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Miho Hatori

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Miho Hatori
羽鳥 美保
Miho Hatori performing with Cibo Matto in Argentina in 2014
Miho Hatori performing with Cibo Matto in Argentina in 2014
Background information
Also known asMiss Information
BornTokyo, Japan
GenresAvant-garde, downtempo, trip hop, indie rock, world music
OccupationsSinger, songwriter, composer, record producer
InstrumentsVocals, synthesizer, guitar, drums, percussion, keyboard
Years active1991–present
Formerly ofCibo Matto
Smokey & Miho
Butter 08

Miho Hatori (羽鳥 美保, Hatori Miho, born in Tokyo, Japan) is a Japanese singer, songwriter, and musician.[1] She is best known as a solo artist,[2][3] co-founder of New York City band Cibo Matto,[4] and as the first person to provide the voice of Noodle in the virtual band Gorillaz,[5][6] as well as for her work with the Beastie Boys,[7] Handsome Boy Modeling School,[8] Smokey Hormel,[9] John Zorn,[1] and many more.[10]


Hatori expressed an early interest in music while growing up in Japan. She worked at used record shop Flash Disc Ranch in Shimokitazawa, Tokyo, where she was exposed to many styles of music and sometimes performed as a club DJ.[2] Her earliest history in a music project dates to 1991 when she joined hip hop group Kimidori; she left the group in 1992.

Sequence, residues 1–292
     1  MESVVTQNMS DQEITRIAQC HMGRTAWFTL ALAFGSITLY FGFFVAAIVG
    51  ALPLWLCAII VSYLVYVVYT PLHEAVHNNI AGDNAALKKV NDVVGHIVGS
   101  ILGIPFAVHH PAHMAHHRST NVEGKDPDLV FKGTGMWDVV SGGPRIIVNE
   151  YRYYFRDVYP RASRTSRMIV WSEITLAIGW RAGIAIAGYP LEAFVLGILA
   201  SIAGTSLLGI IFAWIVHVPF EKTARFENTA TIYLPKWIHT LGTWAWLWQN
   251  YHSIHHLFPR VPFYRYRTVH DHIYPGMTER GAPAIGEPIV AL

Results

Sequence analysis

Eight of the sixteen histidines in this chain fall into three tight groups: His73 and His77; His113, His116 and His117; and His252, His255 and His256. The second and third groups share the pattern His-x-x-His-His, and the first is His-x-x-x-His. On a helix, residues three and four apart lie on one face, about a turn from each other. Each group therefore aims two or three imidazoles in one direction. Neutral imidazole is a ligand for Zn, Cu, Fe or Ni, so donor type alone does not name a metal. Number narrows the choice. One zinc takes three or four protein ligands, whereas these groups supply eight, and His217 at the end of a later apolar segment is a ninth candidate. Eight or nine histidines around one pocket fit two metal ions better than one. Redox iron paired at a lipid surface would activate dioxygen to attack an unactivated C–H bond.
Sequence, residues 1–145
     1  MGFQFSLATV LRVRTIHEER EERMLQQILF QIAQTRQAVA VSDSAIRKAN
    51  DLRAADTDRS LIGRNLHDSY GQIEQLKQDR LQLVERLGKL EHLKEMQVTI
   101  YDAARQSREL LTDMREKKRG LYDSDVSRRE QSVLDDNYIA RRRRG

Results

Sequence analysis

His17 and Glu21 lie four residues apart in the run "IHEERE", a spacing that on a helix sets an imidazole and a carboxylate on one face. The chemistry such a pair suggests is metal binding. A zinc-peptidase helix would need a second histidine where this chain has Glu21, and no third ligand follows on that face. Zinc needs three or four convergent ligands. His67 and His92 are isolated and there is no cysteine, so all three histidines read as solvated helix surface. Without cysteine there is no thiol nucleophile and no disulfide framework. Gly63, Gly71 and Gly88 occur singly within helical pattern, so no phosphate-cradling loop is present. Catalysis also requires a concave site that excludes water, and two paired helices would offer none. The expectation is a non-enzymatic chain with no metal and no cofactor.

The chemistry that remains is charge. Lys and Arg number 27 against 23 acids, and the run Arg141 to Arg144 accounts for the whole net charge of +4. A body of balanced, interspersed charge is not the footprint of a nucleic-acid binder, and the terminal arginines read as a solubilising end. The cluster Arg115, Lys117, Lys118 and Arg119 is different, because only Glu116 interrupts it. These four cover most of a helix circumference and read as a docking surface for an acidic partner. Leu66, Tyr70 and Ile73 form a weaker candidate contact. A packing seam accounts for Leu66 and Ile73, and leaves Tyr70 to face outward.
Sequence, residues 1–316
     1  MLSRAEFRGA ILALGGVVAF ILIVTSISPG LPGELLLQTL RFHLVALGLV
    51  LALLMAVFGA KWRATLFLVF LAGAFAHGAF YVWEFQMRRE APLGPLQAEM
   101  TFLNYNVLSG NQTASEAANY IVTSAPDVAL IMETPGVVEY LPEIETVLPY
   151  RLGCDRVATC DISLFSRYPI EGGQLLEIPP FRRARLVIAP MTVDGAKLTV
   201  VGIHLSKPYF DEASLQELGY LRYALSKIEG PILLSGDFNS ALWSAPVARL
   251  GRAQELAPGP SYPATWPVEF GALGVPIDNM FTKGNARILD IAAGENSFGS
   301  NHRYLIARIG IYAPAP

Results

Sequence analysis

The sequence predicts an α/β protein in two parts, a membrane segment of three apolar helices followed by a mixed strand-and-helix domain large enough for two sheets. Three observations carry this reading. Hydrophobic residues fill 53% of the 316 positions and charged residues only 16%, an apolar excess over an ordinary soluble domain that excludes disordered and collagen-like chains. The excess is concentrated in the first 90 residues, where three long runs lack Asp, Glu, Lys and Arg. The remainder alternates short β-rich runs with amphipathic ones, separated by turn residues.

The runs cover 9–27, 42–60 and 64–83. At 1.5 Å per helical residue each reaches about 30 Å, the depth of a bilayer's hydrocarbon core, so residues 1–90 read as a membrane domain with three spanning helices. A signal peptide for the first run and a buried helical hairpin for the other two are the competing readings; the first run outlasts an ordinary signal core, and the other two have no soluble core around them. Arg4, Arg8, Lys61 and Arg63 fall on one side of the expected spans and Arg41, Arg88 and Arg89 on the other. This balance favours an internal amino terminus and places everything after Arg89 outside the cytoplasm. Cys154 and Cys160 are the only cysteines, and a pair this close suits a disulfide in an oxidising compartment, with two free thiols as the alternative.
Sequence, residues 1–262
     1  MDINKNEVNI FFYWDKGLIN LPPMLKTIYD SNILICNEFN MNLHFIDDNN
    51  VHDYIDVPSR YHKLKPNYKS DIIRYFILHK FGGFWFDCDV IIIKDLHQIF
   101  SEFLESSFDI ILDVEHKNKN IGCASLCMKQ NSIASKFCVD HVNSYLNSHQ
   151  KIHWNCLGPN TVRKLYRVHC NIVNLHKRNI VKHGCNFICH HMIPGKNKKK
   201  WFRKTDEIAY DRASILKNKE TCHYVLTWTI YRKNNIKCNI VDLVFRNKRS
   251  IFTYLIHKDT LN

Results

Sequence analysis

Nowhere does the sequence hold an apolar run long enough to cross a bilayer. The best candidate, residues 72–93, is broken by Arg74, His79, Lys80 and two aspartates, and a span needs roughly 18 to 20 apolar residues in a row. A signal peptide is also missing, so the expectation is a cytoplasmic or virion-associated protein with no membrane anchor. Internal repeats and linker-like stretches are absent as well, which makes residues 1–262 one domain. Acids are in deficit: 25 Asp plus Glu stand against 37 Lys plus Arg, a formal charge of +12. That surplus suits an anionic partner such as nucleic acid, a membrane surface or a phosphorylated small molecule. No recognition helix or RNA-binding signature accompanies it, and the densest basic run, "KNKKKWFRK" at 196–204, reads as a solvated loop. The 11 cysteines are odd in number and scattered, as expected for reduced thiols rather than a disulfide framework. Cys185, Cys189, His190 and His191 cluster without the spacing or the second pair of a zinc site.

Hatori moved to New York City in 1993 to study art; she quickly met Yuka Honda through performing together in punk/noise band Laito Lychee,[11][12] a project that featured Hatori on vocals and violin played through distortion effects pedals.[13] Hatori and Honda co-founded Cibo Matto in 1994[14] and released their debut album Viva! La Woman in 1996.[15] The duo formation expanded to include Sean Lennon and Timo Ellis on 1997's Super Relax EP,[12] and "unofficial" fifth member Duma Love appeared on their second full-length, 1999's Stereo ★ Type A.[16] Cibo Matto broke up in 2001, but came back with a reunion tour in 2011.[17] They released a third and final follow-up album Hotel Valentine on February 14, 2014.[18]

Hatori worked with her Cibo Matto collaborators outside of the band, contributing to Sean Lennon's solo album Into the Sun, as well as to his scores for the independent films Rosencrantz and Guildenstern Are Undead[19] and Alter Egos;[20] she also appears on Yuka Honda's solo album Eucademix.[21]

While Cibo Matto was touring with Beck, Hatori and Beck guitarist Smokey Hormel discovered a shared love of bossa nova and samba, which eventually resulted in their Brazilian-styled musical project Smokey & Miho.[22] Other artists Hatori has worked with include Handsome Boy Modeling School (on the album So... How's Your Girl?),[8] DJ Towa Tei,[23] Stephin Merritt's The 6ths,[24] The Baldwin Brothers,[25] Beastie Boys,[7] Blackalicious,[26] Peter Daily, Greg Kurstin,[27] Forró in the Dark, John Zorn, The Incredible Moses Leroy,[28] Patrick Higgins,[29] and Smokey Hormel.[9]

Miho performs solo under her own name and various monikers.[3][30] Her first solo album, Ecdysis, was released in Japan in 2005, coming two years later to the American and European markets.[31] In 2018, she released Amazon To LeFrak as New Optimism and Sequence as Miss Information.[32][33]